[li-noh-lee-uh m] /lɪˈnoʊ li əm/
a hard, washable floor covering formed by coating burlap or canvas with linseed oil, powdered cork, and rosin, and adding pigments to create the desired colors and patterns.
any floor covering similar to this.
a sheet material made of hessian, jute, etc, coated under pressure and heat with a mixture of powdered cork, linseed oil, rosin, and pigment, used as a floor covering Often shortened to lino
1860, coined by English inventor Frederick Walton (1837-1928), from Latin linum “flax, linen” (see linen) + oleum “oil” (see oil (n.)). Originally, a preparation of solidified linseed oil used to coat canvas for making floor coverings; the word was applied to the flooring material itself after 1878. The Linoleum Manufacturing Company was formed 1864.
noun 1. a piece of thick, soft, cork linoleum often mounted on a block of wood, incised or carved in relief with a design, pattern, or pictorial motif, and used in making prints.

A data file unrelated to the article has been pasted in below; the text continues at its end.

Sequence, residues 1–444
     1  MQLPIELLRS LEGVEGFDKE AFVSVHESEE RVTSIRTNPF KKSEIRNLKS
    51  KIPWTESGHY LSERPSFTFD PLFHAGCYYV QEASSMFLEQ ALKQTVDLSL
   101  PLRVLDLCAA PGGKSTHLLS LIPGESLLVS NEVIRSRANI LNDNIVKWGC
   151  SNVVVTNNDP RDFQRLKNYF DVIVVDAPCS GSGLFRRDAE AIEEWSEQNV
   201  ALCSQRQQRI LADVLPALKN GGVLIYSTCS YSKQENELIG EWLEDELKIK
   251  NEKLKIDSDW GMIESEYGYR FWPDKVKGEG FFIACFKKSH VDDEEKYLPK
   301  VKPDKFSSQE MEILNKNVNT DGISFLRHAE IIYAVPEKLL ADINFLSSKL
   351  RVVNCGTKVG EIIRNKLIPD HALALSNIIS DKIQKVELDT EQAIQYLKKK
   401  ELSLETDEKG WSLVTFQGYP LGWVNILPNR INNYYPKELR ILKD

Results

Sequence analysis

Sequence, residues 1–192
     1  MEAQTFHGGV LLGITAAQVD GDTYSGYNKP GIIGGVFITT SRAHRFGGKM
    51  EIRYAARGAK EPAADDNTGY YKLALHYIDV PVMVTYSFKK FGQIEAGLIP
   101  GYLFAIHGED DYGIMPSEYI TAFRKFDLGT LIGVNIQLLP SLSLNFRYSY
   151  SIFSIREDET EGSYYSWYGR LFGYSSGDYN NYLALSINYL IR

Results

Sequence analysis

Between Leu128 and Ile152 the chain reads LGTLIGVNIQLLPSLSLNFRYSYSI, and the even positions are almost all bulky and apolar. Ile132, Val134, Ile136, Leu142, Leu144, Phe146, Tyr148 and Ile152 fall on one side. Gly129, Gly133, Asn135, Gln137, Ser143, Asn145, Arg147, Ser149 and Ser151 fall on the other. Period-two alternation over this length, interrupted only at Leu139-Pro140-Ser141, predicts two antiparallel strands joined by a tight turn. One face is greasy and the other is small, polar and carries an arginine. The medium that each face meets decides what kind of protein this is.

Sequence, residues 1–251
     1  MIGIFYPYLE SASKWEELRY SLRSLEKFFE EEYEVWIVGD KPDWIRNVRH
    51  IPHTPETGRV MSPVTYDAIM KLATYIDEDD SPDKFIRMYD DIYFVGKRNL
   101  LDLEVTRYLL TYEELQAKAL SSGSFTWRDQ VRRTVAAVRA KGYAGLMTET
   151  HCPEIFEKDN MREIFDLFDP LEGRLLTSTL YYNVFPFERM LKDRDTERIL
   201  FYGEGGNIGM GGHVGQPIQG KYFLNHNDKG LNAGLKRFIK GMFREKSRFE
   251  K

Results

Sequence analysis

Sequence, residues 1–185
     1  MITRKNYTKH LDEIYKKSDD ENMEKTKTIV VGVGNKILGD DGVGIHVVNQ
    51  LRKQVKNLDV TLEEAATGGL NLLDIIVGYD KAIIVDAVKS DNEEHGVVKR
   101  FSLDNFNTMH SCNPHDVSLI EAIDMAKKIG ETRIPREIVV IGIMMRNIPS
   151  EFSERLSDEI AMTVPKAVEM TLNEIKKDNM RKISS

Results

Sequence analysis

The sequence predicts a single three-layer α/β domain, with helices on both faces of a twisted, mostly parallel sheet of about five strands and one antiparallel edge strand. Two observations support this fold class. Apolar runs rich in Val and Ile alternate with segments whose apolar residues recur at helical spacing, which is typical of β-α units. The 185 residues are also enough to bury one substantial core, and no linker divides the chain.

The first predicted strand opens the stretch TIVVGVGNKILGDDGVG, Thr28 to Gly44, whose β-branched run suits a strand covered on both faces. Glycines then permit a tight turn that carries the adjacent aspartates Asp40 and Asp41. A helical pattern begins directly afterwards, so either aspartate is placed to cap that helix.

noun a fear of string Word Origin Latin linum ‘flax’
- Lino tile
noun 1. a tile made of linoleum or a similar substance, used as a floor covering
[lahy-nuh-tahyp] /ˈlaɪ nəˌtaɪp/ verb, linotyped, linotyping. Printing. 1. to typeset on a machine. [lahy-nuh-tahyp] /ˈlaɪ nəˌtaɪp/ Trademark. 1. a brand of typesetting machine that casts solid lines of type from brass dies, or matrices, selected automatically by actuating a keyboard. /ˈlaɪnəʊˌtaɪp/ noun 1. trademark a typesetting machine, operated by a keyboard, that casts an entire […]